iAd Gallery breaks App Store guidelines - so what?
There was a modest amount of Internet Fussing after Apple released its iAd Gallery app. Business Insider noted that iAd Gallery appears to violate App Store guideline 2.13, "Apps that are primarily marketing materials or advertisements will be rejected," and MacStories echoed that sentiment. Inneractive noted that a third-party developer had her app rejected for doing basically the same thing that Apple's own iAd Gallery does.
Out of all these outlets, Inneractive is the only one that focused on the real point; the third-party developer clearly had the idea for an iAd gallery long before Apple released its version, and it's unfortunate her effort went to waste. There may have been more to that rejection than meets the eye, though; it's likely that some of the iAds advertisers wouldn't have been pleased with their ads showing up in a third-party "gallery" app without their consent, and as Rene Ritchie pointed out this might have been a plausible intellectual property argument against the approval.
But even if Apple's iAd Gallery would have or should have been rejected if it was a third-party app, the key point here is it's not a third-party app. Apple doesn't have to follow the same rules as third-party developers. For instance, Apple can use private APIs and frameworks as much as it wants, and its home-grown Weather and Notes apps show it has no problem whatsoever with releasing apps that have "limited functionality" (snap).
You know why Apple can get away with those things while third-party developers can't? Because Apple owns the platform. Let's look at this from another angle: say you're renting a house, and your landlord has a strict "no pets" policy. You drive by his house one day, and you see two giant Great Danes patrolling his front yard. Are you going to knock on his door and say, "Hey, how come you can have pets, but I can't?" Of course you wouldn't -- but if you're game enough to try, please film the attempt and post it to YouTube once you're no longer homeless.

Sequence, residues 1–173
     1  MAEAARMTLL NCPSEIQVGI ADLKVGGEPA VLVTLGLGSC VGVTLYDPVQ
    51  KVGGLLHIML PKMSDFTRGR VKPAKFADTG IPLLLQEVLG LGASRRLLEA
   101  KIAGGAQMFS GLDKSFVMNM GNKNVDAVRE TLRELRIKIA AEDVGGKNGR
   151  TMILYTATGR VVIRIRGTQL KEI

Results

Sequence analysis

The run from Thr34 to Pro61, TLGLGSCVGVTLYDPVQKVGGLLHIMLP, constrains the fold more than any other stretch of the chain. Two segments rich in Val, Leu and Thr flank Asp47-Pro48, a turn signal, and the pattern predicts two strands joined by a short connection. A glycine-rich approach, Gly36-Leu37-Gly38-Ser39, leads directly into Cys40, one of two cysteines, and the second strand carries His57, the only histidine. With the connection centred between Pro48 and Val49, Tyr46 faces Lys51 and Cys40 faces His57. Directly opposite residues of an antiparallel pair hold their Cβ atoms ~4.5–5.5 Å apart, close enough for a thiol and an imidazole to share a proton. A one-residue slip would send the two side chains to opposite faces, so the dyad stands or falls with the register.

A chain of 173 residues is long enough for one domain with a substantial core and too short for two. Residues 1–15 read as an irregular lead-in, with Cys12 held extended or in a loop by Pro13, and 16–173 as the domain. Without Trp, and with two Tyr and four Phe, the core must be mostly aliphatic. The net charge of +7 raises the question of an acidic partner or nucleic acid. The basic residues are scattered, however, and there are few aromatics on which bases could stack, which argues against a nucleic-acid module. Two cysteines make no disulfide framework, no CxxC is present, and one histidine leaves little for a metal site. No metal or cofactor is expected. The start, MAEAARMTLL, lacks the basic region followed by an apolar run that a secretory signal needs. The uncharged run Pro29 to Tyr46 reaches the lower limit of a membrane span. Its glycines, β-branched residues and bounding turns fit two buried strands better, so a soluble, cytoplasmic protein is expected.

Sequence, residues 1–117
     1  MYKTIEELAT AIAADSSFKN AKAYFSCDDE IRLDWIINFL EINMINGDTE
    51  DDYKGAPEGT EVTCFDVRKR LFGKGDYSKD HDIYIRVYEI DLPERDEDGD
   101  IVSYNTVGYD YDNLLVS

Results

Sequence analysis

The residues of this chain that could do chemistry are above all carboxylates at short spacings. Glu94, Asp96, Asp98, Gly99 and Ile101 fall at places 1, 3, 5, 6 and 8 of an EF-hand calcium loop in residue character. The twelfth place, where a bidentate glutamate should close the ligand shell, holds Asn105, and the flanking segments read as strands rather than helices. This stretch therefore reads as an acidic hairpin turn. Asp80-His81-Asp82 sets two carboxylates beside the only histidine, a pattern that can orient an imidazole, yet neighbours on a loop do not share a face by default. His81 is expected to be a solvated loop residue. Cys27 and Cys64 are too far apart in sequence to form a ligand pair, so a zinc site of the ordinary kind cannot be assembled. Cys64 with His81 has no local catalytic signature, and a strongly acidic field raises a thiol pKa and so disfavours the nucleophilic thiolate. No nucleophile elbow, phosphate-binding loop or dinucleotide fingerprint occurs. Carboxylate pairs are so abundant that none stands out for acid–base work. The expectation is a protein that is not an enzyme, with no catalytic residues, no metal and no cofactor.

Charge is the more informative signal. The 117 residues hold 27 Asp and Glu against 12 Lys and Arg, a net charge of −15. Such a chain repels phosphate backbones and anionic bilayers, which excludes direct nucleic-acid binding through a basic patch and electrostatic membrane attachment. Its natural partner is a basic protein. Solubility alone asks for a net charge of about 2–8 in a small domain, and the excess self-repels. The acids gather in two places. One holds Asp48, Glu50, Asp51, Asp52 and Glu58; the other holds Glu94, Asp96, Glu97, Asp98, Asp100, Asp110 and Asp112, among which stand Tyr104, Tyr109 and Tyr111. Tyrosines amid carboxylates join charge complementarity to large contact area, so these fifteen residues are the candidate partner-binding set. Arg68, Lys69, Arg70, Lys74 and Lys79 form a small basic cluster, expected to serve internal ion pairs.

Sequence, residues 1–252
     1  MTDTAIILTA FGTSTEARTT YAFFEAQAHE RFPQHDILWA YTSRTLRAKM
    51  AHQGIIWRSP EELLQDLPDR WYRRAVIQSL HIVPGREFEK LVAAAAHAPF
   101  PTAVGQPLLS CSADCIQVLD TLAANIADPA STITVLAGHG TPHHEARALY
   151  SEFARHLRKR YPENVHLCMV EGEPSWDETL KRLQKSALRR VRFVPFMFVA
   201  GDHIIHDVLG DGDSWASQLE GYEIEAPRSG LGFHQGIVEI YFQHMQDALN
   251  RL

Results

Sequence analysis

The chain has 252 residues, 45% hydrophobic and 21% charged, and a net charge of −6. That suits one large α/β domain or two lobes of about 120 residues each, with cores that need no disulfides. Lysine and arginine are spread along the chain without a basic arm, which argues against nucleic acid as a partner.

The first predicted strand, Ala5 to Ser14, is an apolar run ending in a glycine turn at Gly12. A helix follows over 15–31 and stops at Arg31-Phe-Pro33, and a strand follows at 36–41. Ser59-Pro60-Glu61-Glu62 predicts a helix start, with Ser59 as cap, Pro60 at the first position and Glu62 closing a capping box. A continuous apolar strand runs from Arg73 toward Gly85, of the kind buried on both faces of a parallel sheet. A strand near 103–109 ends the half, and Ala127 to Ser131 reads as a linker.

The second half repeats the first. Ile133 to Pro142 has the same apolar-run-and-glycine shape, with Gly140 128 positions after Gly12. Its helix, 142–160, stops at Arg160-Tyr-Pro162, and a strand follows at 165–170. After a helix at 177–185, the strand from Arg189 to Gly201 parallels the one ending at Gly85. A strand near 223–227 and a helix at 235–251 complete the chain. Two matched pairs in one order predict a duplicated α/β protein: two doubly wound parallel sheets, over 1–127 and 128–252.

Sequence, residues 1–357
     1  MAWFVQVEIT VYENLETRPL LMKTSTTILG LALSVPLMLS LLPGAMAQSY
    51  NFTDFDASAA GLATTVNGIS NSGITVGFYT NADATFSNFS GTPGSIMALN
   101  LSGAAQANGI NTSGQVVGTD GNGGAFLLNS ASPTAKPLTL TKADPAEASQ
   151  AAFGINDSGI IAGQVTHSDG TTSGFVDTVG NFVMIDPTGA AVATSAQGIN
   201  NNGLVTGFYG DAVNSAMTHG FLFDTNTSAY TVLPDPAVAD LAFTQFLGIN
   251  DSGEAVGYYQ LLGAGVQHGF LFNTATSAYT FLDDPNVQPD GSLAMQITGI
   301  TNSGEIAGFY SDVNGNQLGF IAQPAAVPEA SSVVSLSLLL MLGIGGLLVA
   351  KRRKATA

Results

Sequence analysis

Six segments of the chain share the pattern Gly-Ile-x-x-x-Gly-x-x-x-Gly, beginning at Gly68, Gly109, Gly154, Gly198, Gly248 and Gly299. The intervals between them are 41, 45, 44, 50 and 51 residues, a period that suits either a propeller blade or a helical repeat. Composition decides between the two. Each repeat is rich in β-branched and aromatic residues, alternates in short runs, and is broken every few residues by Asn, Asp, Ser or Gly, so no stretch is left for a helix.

Expecting Apple to follow the same rules it's established for third-party developers sounds faintly silly to me. Apple developed the entire platform, from iOS itself, to the hardware that writes iOS code, to the servers that run the App Store, to the App Store itself, to the hardware that runs iOS and its panoply of apps. Apple created the entire iOS ecosystem from end-to-end, and it developed and single-handedly supports its entire infrastructure... yet some people believe the company should be held to the same standards as one developer who whipped up a quick app to show off iAds.Sorry, but it doesn't work that way. Apple built the house, and it owns the house. The rest of us just live in it.
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